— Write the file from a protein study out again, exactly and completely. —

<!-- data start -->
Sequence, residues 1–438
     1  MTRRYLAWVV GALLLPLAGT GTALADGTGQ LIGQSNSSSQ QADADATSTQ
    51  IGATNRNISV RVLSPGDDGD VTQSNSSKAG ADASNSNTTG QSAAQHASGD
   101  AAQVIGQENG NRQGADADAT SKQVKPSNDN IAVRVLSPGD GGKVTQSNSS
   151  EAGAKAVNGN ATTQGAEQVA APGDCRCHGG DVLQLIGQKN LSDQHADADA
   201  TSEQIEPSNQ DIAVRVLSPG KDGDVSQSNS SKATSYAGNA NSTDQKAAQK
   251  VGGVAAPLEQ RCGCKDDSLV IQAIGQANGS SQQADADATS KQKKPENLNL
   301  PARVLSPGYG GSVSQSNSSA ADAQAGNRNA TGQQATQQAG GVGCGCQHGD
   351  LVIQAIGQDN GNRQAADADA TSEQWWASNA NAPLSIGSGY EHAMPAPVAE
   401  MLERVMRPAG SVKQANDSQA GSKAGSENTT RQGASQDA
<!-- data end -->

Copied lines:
Sequence, residues 1–438
     1  MTRRYLAWVV GALLLPLAGT GTALADGTGQ LIGQSNSSSQ QADADATSTQ
    51  IGATNRNISV RVLSPGDDGD VTQSNSSKAG ADASNSNTTG QSAAQHASGD
   101  AAQVIGQENG NRQGADADAT SKQVKPSNDN IAVRVLSPGD GGKVTQSNSS
   151  EAGAKAVNGN ATTQGAEQVA APGDCRCHGG DVLQLIGQKN LSDQHADADA
   201  TSEQIEPSNQ DIAVRVLSPG KDGDVSQSNS SKATSYAGNA NSTDQKAAQK
   251  VGGVAAPLEQ RCGCKDDSLV IQAIGQANGS SQQADADATS KQKKPENLNL
   301  PARVLSPGYG GSVSQSNSSA ADAQAGNRNA TGQQATQQAG GVGCGCQHGD
   351  LVIQAIGQDN GNRQAADADA TSEQWWASNA NAPLSIGSGY EHAMPAPVAE
   401  MLERVMRPAG SVKQANDSQA GSKAGSENTT RQGASQDA